Brewhouse Arts Centre, Burton-on-Trent; 4th December 2014
Under the brass and cogs and rubber tubing that loop across the stage, behind the potions pouring coloured smoke and from among the strange, sepia-toned contraptions that seem recognisable for a moment as a gramophone, or guitar, emerges a storyteller’s reassuring voice, introducing us to Kinesonic Engine 237091_3, and to the workers who must tend this unique machine to keep its song alive…
Conjuring a delightful steampunk fantasy for children and their families, Kinesonic is the debut production from Vagabond’s Hat. Revolving around the ragtag crew’s attempts to mend their cosmic music engine, the show has been developed over two years after securing a £10,000 prize in the 2012 Deutsche Bank Award for Creative Enterprises.
Technology and alchemy combine with well-judged ensemble clowning and refined circus techniques to create a detail-rich universe with high sensory impact. The story is simple and the wordless characters, though absurd, are clear and non-threatening. If the Motorettes from The Hoobs were given life and brought to stage, this is the show we’d see.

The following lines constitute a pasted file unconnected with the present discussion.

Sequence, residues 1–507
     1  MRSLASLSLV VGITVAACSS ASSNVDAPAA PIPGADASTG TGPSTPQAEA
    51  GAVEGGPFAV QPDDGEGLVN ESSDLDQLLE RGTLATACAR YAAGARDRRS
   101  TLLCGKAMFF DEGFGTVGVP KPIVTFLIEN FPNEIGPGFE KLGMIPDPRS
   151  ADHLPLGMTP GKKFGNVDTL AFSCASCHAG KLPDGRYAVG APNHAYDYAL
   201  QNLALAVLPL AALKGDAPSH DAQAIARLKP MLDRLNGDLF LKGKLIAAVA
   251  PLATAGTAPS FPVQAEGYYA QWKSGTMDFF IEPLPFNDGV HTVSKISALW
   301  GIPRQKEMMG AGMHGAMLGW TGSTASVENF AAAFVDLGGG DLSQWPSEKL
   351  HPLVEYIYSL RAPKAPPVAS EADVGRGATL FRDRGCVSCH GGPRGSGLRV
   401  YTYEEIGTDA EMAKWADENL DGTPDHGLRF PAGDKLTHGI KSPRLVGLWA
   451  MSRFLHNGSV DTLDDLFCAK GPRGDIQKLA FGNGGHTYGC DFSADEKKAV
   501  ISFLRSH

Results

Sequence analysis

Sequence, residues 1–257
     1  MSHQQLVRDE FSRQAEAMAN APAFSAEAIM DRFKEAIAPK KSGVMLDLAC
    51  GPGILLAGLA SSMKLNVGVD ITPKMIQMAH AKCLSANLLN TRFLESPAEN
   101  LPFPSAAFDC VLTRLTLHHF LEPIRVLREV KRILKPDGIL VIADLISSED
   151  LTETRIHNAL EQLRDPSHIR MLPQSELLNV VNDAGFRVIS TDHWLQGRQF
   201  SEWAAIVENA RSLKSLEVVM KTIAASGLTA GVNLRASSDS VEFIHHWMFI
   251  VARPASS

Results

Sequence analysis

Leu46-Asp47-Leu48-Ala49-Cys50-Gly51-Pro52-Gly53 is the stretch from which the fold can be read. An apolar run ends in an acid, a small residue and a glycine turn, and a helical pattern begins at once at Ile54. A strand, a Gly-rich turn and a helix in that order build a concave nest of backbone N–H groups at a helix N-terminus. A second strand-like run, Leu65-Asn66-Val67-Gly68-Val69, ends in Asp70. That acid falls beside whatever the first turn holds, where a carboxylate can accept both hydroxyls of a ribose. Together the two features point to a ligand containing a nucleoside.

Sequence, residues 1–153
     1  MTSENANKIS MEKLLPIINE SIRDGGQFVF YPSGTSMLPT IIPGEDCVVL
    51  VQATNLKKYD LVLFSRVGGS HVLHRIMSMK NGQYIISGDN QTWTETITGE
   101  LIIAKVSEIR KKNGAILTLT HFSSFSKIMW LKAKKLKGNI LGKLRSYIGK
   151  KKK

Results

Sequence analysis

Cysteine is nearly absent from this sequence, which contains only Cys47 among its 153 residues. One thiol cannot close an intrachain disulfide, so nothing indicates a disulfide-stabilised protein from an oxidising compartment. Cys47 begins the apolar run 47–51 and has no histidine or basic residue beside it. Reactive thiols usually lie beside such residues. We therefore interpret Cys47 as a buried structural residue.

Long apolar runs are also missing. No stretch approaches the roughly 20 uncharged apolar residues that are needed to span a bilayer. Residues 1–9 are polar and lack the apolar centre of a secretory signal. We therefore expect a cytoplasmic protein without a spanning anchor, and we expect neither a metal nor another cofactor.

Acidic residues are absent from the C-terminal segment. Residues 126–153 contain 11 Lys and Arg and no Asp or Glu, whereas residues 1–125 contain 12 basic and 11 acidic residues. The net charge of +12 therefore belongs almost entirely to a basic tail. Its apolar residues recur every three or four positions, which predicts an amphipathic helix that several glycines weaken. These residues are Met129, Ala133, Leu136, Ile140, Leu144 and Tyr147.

The internal circus logic of play fuels magical manipulations of the set, and we watch oil-drum hide’n’seek and triple trapeze tea-breaks alongside lasers that control musical notes and bubbles that burst from the ceiling. Alex Flanagan, co-director of the company with Augusts Dakteris, is the chief engineer, and also the chief musician, live looping a variety of instruments and found objects. Michael Banks’ juggling rhythms are given percussive voice as he works his way up to seven balls (then adds an eighth) – the sound element highlights his technical skills as each contact and throw provokes a different effect.
Dakteris takes to his aerial straps in a superb, joy-driven fighter plane fantasy, and Caroline Abbott works some celebratory shapes on a swinging Chinese pole (although impeded somewhat by her petticoats).
Amid the heights of a technological world, Kinesonic is a funny, charming and wondrous reminder of our physical, sensory selves.